The variety of job actions are the result of stalled negotiations between the province and the different teachers’ unions, many of which have been ongoing since the fall of 2019. According to recent statements, little headway has been made on key issues.
“While parents are frustrated by teacher union escalation every few years, it is unacceptable that OSSTF would ramp up strike action at a time when high school students are preparing for exams. I will continue to focus on reaching voluntary agreements with the teachers' unions, so Ontario students stay in class where they belong,” said Stephen Lecce, minister of education, in a released statement.
In a statement released on Jan. 15, Bischof said his union would halt any pending job action if the PC government agrees to return to the mandated class sizes that were in place during the 2018-2019 school year.
In 2019, the province moved ahead with increasing Ontario’s class sizes by an average of one extra student in Grade 4 to 8 classrooms, and high school classes were going to increase from an average of 22 students to 28. The shift resulted in 330 teachers in the Peel District School Board, both elementary and high school, being served in April with “surplus to board” notices stating there were not enough positions to keep them employed.
Most of those teachers now have their jobs back in one capacity or another, largely because the province backed off on the increase, in the face of huge public backlash, saying it would be waiting until next year to move ahead.
Then in October, the province went one step further and announced classes would be capped at 25, not the initially proposed 28. The OSSTF was not happy with this concession, with reports stating this would still put 5,000 high school teachers across the province out of a job.
“If the Minister of Education is truly focused, as he incessantly claims, on keeping kids in class, then he will accept our offer and come back to the bargaining table to negotiate in good faith,” said Bischof in a released statement.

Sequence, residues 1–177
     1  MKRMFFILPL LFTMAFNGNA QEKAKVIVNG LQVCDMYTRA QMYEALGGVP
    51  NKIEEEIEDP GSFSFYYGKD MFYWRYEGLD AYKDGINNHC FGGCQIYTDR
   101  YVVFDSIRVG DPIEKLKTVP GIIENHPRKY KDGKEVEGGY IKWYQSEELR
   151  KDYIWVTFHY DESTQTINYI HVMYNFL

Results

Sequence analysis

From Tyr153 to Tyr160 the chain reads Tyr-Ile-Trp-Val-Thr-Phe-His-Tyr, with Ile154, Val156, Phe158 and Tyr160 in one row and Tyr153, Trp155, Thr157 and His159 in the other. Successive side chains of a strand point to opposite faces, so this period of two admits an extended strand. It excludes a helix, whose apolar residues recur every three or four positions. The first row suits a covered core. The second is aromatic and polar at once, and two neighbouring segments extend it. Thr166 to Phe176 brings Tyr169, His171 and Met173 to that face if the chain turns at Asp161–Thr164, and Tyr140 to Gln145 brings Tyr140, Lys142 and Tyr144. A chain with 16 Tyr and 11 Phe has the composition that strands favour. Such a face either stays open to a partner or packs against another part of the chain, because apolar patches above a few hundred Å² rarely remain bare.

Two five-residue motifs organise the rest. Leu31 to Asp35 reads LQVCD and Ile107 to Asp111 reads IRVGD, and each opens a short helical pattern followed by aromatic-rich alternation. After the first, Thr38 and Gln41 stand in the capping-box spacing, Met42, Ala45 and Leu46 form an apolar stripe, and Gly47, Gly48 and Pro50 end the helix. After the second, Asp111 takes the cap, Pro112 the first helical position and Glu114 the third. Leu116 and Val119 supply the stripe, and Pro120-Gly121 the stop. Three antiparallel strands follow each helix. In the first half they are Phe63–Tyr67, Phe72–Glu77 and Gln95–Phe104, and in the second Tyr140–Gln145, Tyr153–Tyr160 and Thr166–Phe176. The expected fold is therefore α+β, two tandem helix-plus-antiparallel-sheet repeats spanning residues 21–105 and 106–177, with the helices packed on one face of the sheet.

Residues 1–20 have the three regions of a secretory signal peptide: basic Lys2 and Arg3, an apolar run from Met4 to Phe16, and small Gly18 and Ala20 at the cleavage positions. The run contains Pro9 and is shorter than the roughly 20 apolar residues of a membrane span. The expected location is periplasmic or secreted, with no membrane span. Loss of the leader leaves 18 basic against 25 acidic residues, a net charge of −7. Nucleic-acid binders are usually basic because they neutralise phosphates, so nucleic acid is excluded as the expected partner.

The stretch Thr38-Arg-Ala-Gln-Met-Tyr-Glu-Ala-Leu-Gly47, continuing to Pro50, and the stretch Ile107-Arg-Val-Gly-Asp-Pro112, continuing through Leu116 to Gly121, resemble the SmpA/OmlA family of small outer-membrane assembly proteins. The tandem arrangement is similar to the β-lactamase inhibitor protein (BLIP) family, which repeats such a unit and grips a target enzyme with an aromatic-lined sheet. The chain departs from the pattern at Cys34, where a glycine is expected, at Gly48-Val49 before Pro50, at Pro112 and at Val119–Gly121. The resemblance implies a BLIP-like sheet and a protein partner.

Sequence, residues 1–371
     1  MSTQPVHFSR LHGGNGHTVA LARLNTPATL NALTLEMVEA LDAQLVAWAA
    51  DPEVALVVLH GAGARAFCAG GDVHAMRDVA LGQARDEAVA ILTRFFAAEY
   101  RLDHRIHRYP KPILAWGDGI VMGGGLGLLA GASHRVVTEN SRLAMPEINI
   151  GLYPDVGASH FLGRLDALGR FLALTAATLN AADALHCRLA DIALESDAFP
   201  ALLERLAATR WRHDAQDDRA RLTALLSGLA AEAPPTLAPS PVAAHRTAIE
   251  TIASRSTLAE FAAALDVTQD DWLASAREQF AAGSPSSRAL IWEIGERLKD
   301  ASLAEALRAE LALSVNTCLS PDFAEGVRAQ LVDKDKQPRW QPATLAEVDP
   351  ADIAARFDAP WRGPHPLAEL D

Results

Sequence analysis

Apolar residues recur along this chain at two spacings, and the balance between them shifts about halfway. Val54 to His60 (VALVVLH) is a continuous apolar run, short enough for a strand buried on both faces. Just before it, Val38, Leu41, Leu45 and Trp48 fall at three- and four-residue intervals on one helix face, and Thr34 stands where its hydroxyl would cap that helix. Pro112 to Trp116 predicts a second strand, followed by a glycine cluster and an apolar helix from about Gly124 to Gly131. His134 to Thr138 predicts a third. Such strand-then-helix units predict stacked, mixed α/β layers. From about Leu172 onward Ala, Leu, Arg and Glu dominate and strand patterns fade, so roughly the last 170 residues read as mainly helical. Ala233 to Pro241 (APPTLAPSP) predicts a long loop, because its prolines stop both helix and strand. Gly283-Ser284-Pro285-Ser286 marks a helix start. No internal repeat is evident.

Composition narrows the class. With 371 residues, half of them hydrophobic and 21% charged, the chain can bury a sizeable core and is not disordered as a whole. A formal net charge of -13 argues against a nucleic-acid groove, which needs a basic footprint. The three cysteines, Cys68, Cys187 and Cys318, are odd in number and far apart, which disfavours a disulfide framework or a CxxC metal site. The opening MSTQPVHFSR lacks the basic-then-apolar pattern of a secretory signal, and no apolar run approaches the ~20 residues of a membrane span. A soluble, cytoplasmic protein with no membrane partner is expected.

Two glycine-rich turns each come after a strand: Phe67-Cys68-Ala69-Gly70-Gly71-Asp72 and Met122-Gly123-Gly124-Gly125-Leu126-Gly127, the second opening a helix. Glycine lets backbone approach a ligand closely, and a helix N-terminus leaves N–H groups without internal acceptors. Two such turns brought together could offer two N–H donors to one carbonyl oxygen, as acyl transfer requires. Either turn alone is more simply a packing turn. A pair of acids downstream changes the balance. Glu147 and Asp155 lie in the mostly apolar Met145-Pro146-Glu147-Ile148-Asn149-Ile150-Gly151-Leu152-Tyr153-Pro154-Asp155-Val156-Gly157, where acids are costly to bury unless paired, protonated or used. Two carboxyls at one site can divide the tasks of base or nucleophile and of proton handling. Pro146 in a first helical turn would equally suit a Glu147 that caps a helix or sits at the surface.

“It is clear to OSSTF/FEESO members that, for this Premier and this Minister of Education, questions about student learning and the quality of education are not even on the radar,” said Bischof. “If the government wants to prove us wrong about that, they will abandon their destructive agenda, return to the table, and work with us to reach a deal that is good for the province’s students.”
Class sizes are just one aspect of the negotiations where the unions and the province can’t find common ground.
On salaries, Ford made it clear earlier this week that his government is unwilling to provide more than a one percent annual increase for teachers, about half of what the union is looking for.
Cuts to the education system — which saw many teachers protesting outside Queen’s Park in 2019 — are also still a stopping point.
The Ford government imposed cuts on funding for special education of $50 million, as well as the removal of $39 million introduced in 2017 to support students with special needs and other at-risk youth.
Core funding has also been impacted.
Ontario Premier Doug Ford
Support for public schools comes from the Grants for Student Needs (GSN) funding. As part of their budget, the governing PCs hailed what they described as an increase in funding to schools, projecting total spending for 2019-20 to be $24.65 billion, up slightly from the $24.61 billion invested in the previous school year. But the slight increase does not show the actual decrease in per student funding. (Funds are spread across many key grant areas, providing for classroom needs, school buildings and special programs.)
During the 2018-19 school year, the province spent an average of $12,293 per student, with just over 2 million students in the public education system. That amount will drop to about $12,246 for 2019-20, as enrolment province-wide is expected to grow by 11,601 students. So the claim by the PCs that more money is going into the education budget, while true, is misleading. The per-student cut ends a recent pattern under the previous Liberal government that saw student funding increase.
Email: [email protected]
Submit a correction about this story